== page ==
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Valuing Intellectual Property
By: Larry Plonsker, Chemical Network Association
Posted: October 17, 2006, from the November 2003 issue of Cosmetics & Toiletries.
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- From Cosmetics & Toiletries
- November 2003 issue, pg 38
- 3 pages
- intellectual property
- Adobe PDF for download
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Success in today’s business is no longer based solely on ownership of tangible assets. Many businesses are deriving success from different forms of intellectual property, mainly in technology-based services and products. These intellectual assets are in the form of patents, knowhow, copyrights, brands and trademarks, and owning this property prevents others from practicing what you have created or invented. They can give the owner a competitive advantage in the business that utilizes these properties.
Intellectual property (IP) has only recently been considered a valuable asset. From an accounting perspective, the process of valuing IP is not firmly established because it is a very subjective task and, therefore, is not easy to do. However, there are methodologies that can be used to determine IP value. Why would we want to determine the value of a patent, trademark or any other intellectual property? There are many reasons, including licensing-out or licensing-in, selling, transferring pricing within a company, as security for debt fi nancing, valuing a total business, litigation if someone is infringing on your rights, or donating it to a non-profit organization.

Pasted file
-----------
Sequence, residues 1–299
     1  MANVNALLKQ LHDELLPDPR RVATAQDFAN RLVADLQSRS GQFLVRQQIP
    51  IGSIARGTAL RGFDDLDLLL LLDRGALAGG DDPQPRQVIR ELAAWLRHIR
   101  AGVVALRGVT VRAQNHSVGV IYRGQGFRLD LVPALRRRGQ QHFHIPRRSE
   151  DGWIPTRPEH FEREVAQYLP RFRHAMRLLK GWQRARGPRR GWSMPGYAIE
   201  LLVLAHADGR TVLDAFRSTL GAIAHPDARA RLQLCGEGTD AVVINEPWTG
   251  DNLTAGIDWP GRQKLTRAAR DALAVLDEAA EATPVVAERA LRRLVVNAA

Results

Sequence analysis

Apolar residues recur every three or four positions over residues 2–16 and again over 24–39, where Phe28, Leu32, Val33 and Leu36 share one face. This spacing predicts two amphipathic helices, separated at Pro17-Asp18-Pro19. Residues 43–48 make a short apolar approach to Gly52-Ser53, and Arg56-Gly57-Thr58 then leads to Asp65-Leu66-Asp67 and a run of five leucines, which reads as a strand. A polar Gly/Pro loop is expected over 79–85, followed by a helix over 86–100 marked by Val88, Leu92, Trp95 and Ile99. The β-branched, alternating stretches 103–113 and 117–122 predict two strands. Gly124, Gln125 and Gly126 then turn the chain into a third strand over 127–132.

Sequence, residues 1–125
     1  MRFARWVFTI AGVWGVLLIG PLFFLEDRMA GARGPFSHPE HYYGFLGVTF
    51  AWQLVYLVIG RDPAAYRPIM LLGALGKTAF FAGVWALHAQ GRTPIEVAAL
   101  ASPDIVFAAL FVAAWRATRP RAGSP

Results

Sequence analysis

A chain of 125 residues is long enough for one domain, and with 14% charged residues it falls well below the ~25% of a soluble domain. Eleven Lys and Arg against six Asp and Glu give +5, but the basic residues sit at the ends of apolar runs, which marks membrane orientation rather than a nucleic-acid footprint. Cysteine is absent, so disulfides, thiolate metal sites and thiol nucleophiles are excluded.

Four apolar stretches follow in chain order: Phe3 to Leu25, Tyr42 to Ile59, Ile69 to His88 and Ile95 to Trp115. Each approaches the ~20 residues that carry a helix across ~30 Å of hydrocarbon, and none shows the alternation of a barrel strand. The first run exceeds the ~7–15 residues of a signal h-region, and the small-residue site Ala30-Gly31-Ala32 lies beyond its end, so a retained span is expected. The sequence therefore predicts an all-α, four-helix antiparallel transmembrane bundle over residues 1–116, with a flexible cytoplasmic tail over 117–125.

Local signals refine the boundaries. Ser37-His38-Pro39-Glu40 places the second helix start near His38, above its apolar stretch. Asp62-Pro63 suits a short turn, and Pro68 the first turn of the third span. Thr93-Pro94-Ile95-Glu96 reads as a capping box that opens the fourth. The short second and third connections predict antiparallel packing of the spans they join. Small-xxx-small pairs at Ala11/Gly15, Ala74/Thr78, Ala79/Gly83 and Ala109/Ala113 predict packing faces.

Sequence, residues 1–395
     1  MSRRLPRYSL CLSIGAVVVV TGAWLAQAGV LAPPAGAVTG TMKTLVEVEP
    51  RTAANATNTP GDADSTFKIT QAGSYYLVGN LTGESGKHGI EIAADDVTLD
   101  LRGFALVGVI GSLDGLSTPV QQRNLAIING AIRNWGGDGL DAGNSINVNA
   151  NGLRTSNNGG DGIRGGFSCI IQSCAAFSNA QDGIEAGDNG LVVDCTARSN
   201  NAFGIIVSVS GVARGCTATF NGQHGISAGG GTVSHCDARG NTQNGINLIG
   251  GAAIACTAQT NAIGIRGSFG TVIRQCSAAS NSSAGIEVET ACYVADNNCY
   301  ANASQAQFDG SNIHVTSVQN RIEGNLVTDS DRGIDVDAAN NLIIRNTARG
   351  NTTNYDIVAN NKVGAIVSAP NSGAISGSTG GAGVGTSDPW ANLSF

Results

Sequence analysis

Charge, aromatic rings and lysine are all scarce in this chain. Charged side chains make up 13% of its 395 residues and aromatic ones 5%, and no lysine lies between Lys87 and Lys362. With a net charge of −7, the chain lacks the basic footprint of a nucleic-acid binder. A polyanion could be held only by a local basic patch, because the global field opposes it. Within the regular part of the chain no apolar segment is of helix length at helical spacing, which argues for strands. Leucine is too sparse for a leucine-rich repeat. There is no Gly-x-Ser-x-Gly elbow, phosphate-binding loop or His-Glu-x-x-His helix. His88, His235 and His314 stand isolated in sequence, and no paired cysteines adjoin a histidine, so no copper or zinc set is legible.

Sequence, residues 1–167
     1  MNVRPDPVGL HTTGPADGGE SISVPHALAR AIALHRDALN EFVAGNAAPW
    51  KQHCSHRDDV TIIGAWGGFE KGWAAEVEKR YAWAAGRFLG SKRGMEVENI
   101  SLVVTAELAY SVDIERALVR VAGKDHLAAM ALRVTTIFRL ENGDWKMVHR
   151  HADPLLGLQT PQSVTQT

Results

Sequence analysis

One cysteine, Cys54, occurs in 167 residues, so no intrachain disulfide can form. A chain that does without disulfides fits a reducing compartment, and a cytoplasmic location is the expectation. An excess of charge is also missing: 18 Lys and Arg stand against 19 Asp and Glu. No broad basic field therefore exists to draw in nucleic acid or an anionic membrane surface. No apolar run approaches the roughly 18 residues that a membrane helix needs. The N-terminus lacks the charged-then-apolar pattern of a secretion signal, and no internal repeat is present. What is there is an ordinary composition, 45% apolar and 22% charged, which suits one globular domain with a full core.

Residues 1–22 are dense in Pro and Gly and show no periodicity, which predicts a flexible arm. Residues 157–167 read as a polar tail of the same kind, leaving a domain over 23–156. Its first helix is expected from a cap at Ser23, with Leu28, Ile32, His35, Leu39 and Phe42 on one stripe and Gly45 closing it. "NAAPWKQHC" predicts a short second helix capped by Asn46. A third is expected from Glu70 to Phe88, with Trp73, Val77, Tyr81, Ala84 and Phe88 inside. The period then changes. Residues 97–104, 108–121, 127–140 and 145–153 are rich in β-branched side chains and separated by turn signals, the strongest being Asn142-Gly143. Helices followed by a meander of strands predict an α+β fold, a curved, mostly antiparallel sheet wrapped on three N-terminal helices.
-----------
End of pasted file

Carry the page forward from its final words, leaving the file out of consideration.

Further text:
This is only an excerpt of the full article that appeared in Cosmetics & Toiletries, but you can purchase the full-text version.